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Specialty apparel retailer Express found itself in a technology quandary in 2007 when it was purchased by the private equity firm Golden Gate Capital. All of the company’s IT functions were centralized through its previous parent company, Limited Brands. After the buyout, Express had to reinvent an IT strategy and implement the necessary infrastructure.

A key component to its IT strategy was identifying and implementing a security information event management, or SIEM, solution that would automatically monitor for common exceptions such as invalid log-in attempts, intrusion attempts, malware alerts and other potentially malicious network activity. Additionally, the SIEM had to satisfy requirements for PCI compliance relative to monitoring payment card transactions.

After reviewing its options, Express began implementing a SIEM solution from LogRhythm, Boulder, Colo., in August 2009. Within days, the new system was up and running on the company’s core servers, routers and firewalls, then quickly expanded across the network. Now the SIEM also monitors all POS and back-office systems in each of the company’s 580 stores.

“It has helped us maintain a strong security posture, while also yielding a tremendous value with a pretty quick return on investment,” said Jason Luttrell, security engineer, Express, Columbus, Ohio. “Before, several full-time employees had to monitor and follow up on events. Now, we get automated alerts that enable us to quickly cut through noise in the network and focus our efforts on core issues.”

The security solution allows users to set thresholds so alerts can be generated based on requirements defined by Express. For instance, the system can issue an alert as soon as an event happens, even if it occurs just once on a single system, or it can be configured to alert when an event happens multiple times within a defined time period.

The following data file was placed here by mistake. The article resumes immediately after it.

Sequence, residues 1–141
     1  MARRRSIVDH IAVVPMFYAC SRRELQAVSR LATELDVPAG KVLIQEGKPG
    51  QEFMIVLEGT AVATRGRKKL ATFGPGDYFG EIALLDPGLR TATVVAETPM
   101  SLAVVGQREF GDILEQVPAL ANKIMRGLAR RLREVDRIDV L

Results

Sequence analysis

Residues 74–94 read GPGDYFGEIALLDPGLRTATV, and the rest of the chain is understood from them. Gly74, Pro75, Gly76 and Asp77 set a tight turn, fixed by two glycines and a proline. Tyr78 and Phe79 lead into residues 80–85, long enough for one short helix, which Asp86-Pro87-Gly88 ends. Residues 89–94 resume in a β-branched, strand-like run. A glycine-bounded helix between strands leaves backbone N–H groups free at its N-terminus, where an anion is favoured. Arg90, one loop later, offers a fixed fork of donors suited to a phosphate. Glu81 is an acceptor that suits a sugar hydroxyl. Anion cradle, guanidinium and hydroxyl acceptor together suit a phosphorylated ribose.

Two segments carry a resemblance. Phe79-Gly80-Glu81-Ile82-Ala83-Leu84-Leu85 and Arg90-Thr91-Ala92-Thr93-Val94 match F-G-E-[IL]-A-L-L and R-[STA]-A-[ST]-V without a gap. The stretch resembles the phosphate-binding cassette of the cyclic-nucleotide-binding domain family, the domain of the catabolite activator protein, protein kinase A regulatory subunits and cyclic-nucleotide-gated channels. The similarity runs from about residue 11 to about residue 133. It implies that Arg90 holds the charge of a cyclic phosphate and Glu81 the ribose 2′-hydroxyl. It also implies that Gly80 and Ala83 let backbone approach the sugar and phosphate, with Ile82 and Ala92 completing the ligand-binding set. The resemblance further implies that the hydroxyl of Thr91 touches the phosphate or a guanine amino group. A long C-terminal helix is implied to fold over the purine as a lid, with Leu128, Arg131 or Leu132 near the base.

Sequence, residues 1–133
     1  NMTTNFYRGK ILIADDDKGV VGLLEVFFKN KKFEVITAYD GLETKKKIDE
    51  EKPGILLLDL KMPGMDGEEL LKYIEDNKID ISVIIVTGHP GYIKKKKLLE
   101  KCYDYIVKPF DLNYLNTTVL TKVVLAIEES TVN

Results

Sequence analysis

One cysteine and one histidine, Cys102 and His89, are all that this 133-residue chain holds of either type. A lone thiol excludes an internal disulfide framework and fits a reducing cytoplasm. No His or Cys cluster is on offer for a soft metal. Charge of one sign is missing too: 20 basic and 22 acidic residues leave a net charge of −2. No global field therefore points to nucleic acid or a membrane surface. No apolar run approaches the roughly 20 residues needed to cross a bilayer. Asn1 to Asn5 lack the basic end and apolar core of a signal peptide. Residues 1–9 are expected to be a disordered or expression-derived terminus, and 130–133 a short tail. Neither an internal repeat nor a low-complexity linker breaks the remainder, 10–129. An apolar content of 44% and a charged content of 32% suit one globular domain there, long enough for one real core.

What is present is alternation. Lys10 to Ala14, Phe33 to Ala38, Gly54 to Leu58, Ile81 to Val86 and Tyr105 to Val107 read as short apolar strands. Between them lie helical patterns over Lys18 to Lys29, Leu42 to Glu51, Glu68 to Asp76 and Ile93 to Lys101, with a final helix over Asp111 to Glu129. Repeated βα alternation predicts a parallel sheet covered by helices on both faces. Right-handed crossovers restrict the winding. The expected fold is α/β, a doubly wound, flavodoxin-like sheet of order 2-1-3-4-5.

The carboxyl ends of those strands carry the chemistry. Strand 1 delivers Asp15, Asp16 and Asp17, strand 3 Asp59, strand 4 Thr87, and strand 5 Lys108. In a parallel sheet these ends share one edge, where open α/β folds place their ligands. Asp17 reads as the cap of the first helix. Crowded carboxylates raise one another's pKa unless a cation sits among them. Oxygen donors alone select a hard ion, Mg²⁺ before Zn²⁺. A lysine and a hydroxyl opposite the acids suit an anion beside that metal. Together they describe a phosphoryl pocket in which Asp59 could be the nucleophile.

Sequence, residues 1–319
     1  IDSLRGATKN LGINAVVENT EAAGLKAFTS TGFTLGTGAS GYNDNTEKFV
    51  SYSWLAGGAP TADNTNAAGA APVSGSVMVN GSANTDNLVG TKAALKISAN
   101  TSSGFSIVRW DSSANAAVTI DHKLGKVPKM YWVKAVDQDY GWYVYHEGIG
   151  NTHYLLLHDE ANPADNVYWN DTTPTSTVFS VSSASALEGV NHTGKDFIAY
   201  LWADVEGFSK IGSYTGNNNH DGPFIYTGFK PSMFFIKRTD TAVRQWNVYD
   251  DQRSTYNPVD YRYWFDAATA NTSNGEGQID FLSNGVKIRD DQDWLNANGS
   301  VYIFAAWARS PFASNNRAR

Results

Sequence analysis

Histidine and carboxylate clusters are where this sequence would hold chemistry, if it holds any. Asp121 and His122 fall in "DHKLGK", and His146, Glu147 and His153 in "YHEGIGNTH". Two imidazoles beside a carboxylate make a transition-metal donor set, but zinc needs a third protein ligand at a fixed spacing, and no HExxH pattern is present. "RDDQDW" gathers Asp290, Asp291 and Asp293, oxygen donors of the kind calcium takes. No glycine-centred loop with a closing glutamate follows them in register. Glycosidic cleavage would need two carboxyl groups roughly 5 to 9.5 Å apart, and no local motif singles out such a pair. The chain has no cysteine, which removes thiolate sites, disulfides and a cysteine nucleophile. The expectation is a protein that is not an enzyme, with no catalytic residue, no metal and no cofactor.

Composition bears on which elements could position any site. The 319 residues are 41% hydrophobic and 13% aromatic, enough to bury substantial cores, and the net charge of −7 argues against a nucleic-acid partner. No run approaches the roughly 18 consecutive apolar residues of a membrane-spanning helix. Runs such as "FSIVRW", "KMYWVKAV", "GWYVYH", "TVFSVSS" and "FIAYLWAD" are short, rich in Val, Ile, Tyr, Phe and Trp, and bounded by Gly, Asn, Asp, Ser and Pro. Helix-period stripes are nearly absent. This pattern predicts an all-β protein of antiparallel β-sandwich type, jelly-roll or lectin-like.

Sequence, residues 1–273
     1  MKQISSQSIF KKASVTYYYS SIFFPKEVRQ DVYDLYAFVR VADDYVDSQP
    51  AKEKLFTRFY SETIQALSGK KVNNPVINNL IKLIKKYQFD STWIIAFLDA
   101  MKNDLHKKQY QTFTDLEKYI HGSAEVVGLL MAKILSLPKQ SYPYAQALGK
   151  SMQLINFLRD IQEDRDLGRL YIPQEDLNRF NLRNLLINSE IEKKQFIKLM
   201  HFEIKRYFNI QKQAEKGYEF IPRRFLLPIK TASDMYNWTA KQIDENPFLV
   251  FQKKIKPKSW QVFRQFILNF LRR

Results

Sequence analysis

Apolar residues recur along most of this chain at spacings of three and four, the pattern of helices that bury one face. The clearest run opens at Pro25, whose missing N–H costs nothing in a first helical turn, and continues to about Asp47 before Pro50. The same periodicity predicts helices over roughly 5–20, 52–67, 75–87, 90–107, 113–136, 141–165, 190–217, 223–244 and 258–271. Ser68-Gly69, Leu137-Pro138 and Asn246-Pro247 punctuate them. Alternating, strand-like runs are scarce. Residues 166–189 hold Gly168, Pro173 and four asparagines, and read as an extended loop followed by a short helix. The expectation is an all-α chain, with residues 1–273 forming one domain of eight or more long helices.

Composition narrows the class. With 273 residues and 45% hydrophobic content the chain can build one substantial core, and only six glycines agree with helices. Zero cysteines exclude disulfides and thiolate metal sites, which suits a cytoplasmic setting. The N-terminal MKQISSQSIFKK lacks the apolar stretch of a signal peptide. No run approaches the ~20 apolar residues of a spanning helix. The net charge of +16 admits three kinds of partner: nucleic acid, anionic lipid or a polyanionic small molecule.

“We can set alerts however we want, but we typically define thresholds so the system doesn’t interrupt us frequently with white noise, but instead only sends critical alerts that need attention,” Luttrell explained.

However, the main driver for choosing an SIEM solution, according to Luttrell, was compliance with PCI requirements, including all of the necessary reporting. For example, one PCI requirement is to identify when an unencrypted credit card number has been viewed and by whom.

The LogRhythm SIEM generates a daily report that identifies every instance when an unencrypted credit card number has been viewed and whether the person viewing the number was authorized to do so as part of his job. If an unauthorized person is involved or if the volume is outside the norm, the SIEM automatically sends an alert of a potential intrusion so Express can quickly launch an investigation and avert widespread losses.

Luttrell noted that before the SIEM, this level of oversight and intervention would have been much more difficult; identifying who was involved and whether or not that person’s action was warranted would likely have taken days or, at the very least, hours.

Overall, the most daunting IT security challenge Express faced was monitoring its entire network, which requires that each individual log be reviewed. Now, Luttrell credits the SIEM with “having enough intelligence” to recognize when a log is likely suspicious activity. The system aggregates suspicious logs over a 24-hour period, enabling the security department to have visibility to all exceptions so they can easily assess issues and have a big-picture perspective of the total network on a daily basis.

© 2014